Still, Sluha Narodu’s results in Khmelnytskyi Oblast could have been better, especially given its serious representation in Parliament. Apparently, the party had some expectations of «its own» head of the Oblast State Administration. But Habinet failed to meet those expectations as he did not use administrative leverage in the election by contrast to his predecessors, as noted by OPORA, an election monitoring NGO, among others.
How did Sluha Narodu perform in the local election in Khmelnytskyi Oblast? It nominated 11 candidates for mayors out of 13 cities and towns in the oblast, but failed to win any office. In Khmelnytskyi, Sluha Narodu’s Inna Yashchuk lost to Svoboda’s Oleksandr Symchyshyn; Serhiy Vedernikov failed to get into the second round in Kamianets-Podilskyi and Svoboda’s Mykhailo Positko won the election there; and self-nominated Vitaliy Buzyl became mayor in Shepetivka while Sluha Narodu’s Maksym Bondarev ended up in the sixth place.
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In the oblast council, the party ended up with 16% or 10 seats. It did not join the nominal coalition and essentially ended up with no executive positions. In county councils within the oblast, Sluha Narodugot 14-19% and 10-23% in city councils. In Kamianets-Podilskyi, it split in the city council: three out of eight did not join the Sluha Narodufaction, setting up their own group instead. This led to public squabbles at a council meeting where one party representative challenged another to «duel.» Village and settlement councils have a more diverse representation — Sluha Narodugained half of seats in some and zero in others.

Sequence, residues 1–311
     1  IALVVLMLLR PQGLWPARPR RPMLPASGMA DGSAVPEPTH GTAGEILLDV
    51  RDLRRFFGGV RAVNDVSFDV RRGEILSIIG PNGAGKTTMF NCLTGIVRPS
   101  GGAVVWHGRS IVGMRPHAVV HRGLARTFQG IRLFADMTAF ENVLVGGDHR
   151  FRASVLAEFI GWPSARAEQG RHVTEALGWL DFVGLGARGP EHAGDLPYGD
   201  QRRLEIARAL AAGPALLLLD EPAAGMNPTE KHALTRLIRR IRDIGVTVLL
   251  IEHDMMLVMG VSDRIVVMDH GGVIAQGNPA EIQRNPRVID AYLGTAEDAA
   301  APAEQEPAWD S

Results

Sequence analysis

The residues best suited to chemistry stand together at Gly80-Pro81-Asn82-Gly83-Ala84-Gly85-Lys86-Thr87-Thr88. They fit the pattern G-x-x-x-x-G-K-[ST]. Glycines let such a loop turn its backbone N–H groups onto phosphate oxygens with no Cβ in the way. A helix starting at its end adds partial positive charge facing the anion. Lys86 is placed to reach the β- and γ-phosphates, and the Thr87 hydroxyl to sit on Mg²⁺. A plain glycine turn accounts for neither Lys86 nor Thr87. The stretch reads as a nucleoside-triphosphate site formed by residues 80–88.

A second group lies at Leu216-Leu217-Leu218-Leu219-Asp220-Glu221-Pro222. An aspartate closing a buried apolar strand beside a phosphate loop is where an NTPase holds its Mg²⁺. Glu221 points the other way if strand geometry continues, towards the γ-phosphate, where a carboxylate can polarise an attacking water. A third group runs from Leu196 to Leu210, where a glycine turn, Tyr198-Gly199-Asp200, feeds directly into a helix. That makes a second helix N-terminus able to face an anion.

In this context, Sluha Narodu hardly has a strong position in Khmelnytskyi Oblast. Another factor to take into account is the reorganization of county state administrations that is underway in Ukraine. It seriously undercuts the influence of the presidential hierarchy in the oblast as 20 county administrations transform into just three in line with the number of new counties in the new administrative territorial setup. These changes will hardly reinforce the president’s party in Khmelnytskyi Oblast, especially as its national ratings dwindle and people are unhappy with the lockdown restrictions, utility tariffs and the overall economic situation in the country.
When it comes to Sluha Narodu’s MPs from Khmelnytskyi, the party seems to have failed to capitalize on this asset in the oblast. This may be because the MPs are personally more interested in doing bigwig politics in Kyiv rather than promoting the party brand in the province, or because this is the nationwide trend in Ukraine. Whatever the reasons, one conclusion for now is that the party has wasted its chance here.
Oksana Bankova, Khmelnytskyi
Translated by Anna Korbut